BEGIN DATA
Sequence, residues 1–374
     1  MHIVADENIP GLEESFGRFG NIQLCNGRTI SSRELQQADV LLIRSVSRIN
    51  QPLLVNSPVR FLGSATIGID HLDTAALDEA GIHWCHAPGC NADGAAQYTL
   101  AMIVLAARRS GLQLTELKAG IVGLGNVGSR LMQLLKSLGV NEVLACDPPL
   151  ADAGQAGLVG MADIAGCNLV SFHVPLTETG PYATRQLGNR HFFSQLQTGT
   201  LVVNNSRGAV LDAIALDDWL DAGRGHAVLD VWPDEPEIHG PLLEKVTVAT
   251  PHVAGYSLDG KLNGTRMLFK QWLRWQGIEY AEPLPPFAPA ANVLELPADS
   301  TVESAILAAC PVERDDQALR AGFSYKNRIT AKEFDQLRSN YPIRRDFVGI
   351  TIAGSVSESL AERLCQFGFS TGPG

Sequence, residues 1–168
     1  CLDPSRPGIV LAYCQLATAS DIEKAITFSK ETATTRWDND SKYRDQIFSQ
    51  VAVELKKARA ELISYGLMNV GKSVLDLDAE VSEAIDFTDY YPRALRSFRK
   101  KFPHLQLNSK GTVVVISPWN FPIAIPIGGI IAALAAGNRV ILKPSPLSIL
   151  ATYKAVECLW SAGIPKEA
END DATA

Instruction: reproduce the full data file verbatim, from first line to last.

Sequence, residues 1–374
     1  MHIVADENIP GLEESFGRFG NIQLCNGRTI SSRELQQADV LLIRSVSRIN
    51  QPLLVNSPVR FLGSATIGID HLDTAALDEA GIHWCHAPGC NADGAAQYTL
   101  AMIVLAARRS GLQLTELKAG IVGLGNVGSR LMQLLKSLGV NEVLACDPPL
   151  ADAGQAGLVG MADIAGCNLV SFHVPLTETG PYATRQLGNR HFFSQLQTGT
   201  LVVNNSRGAV LDAIALDDWL DAGRGHAVLD VWPDEPEIHG PLLEKVTVAT
   251  PHVAGYSLDG KLNGTRMLFK QWLRWQGIEY AEPLPPFAPA ANVLELPADS
   301  TVESAILAAC PVERDDQALR AGFSYKNRIT AKEFDQLRSN YPIRRDFVGI
   351  TIAGSVSESL AERLCQFGFS TGPG

Sequence, residues 1–168
     1  CLDPSRPGIV LAYCQLATAS DIEKAITFSK ETATTRWDND SKYRDQIFSQ
    51  VAVELKKARA ELISYGLMNV GKSVLDLDAE VSEAIDFTDY YPRALRSFRK
   101  KFPHLQLNSK GTVVVISPWN FPIAIPIGGI IAALAAGNRV ILKPSPLSIL
   151  ATYKAVECLW SAGIPKEA